(note “is-a” type)

But I think that having link typing too could be a very useful feature

(note A “has-a” role with B)

Currently, I apply “link-type” for some important links using a sort of “tag syntax” using @ as a prefix.

For example, if Note A is a principle and Note B is a practical application of A, in note B I have link:

@implements: [[Note A]]

It’s just a visual mark of link typing, obsiouslly, Obsidian doesn’t have features around @tags.

In some case I use attributes instead, like

parent:: [[Note A]]


subject:: [[Photography]], [[Macro]]

Maybe I can simple replace @ with :: in many use cases, effectively…
I’m experimenting.

I’m realizing now that ‘tag::’ has the advantage over ‘@tag’ that is supported by plugins and I can use it in dataview queries

I like to use tags for a specific purpose only (action items); I want the list kept short so I can see at a glance a dashboard overview of what I need to do (finish, research, review, update, whatever).

So I use links, where instead of tagging something as #the_subject I make a page (if one doesn’t already exist), name it the_subject , and then I can link anything and everything related to [[the_subject]] and it will show up in the backlinks (and graph).

However, I have used tags with a letter in front of the hashtag for the purpose of generating a use case-specific list of searchable tag-like keywords, but one that doesn’t appear on the tag list.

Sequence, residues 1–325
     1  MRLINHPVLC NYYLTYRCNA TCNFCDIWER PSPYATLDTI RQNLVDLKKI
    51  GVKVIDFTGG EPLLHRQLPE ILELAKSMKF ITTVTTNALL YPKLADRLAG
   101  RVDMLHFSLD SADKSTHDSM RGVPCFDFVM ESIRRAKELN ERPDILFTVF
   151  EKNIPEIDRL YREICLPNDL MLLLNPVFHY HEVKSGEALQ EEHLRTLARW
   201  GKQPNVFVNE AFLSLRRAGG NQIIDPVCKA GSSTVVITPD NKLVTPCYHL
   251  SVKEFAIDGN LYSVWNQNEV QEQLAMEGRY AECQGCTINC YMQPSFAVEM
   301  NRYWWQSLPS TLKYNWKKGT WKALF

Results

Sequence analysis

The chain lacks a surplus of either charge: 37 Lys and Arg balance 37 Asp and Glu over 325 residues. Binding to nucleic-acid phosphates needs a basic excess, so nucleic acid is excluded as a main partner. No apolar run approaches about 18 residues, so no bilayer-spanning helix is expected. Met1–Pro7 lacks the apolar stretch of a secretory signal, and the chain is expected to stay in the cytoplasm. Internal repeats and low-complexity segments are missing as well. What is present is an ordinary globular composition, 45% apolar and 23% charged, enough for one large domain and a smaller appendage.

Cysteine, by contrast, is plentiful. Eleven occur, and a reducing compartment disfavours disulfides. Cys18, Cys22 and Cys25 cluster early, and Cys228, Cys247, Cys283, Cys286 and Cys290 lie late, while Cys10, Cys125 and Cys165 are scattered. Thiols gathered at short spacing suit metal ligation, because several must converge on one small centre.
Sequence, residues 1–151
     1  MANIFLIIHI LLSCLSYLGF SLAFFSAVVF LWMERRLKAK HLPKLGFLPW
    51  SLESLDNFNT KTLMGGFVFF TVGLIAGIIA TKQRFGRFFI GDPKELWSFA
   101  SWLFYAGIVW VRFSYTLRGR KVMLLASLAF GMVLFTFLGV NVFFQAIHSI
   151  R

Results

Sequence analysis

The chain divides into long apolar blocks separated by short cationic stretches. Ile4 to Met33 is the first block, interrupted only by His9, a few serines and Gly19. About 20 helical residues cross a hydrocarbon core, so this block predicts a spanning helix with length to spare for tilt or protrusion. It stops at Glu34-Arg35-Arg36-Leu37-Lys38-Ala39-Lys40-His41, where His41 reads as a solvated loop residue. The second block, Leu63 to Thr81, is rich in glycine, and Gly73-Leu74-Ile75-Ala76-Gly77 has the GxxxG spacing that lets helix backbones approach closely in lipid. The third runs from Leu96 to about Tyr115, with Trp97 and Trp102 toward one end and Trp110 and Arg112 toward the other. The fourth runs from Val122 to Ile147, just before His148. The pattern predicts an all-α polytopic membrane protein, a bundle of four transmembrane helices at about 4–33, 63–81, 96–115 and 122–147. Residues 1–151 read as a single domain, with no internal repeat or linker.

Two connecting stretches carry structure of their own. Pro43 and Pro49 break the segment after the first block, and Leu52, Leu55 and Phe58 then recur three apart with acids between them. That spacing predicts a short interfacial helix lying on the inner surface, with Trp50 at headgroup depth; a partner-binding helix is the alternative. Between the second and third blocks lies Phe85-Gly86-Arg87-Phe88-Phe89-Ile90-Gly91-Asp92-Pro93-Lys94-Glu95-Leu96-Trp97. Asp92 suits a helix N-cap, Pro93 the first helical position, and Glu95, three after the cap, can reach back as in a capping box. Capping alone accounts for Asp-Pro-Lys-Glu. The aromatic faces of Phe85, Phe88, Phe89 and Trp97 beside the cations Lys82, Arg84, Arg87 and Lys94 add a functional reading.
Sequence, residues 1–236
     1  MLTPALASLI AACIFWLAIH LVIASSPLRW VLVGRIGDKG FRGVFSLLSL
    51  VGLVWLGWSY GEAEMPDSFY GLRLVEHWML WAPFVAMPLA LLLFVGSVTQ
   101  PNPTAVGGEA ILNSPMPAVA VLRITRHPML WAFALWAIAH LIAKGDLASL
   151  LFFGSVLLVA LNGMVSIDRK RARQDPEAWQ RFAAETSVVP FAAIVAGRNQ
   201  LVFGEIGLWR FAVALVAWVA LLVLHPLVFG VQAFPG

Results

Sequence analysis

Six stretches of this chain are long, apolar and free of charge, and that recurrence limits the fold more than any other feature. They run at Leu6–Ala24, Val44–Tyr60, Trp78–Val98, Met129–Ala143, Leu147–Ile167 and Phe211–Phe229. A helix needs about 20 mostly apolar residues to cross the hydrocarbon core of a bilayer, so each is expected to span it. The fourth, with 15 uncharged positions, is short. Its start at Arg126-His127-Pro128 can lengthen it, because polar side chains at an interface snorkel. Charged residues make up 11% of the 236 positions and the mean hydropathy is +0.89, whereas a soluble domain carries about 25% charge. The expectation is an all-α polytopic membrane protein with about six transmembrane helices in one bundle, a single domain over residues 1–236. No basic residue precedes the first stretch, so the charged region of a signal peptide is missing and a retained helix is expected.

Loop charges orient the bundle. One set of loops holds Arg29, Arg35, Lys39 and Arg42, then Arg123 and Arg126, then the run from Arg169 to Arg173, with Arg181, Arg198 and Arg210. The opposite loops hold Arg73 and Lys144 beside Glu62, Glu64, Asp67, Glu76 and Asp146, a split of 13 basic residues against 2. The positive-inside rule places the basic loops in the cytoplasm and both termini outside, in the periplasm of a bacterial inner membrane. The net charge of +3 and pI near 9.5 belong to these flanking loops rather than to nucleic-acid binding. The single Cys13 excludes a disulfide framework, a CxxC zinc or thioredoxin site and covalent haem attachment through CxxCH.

I use a letter in front of the hashtag x# instead of something like @ because I worry that using command type symbols will someday create a conflict with some new feature or plugin.

You should mention file aliases in YAML.

I was just about to come post about this. I do this, too; I have a folder named “topics” and a bunch of notes in there that help me find other related notes because of backlinks. But these notes often have little to no meaningful content themselves – spending time duplicating content in them that is found in other notes seems kinda pointless so far.

Maybe in the future some kind of more formal MOC thing could be useful for me, but I’m not jumping in just yet.

Would you recommend using tags in order to aggregate content to a MOC? Might that solve the graph view mess?

I also like the idea of hiding that MOC metadata in the front-matter as a tag, rather than having to include a link within the content.

Do you see a downside to doing this?

I initially came here trying to figure out ‘folder’ organization vs using tags(or whatever else might be appropriate)

Given that folders always suffer the problem of being single reference and static hierarchies, I’m not sure what my Vault folder structure should be.

I’m still on the search and the PARA method might be a good baseline reference

One note to be a stickler about syntax, tags can’t have spaces :smiley:

#level-1/level-2/level-3 is a valid tag!

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very nice analysis for helping choose between these 2 for organisation.

i’d like to point out that, regarding to:

the counter is actually in the backlinks pane of the HON note.

personally i’d use tags to organise:

  • types
  • status

and links / HONS to organise:

  • content
  • topics

to me this seems to be the most reasonable utilisation of these 2 tools.

How do you mean here?
Sorry what does being indexed mean?

To increase speed, Obsidian keeps a record of all the tags that have been used in a vault. Then when you search a tag, or when Obsidian offers tag suggestions, it searches that record instead of searching all the text in the vault.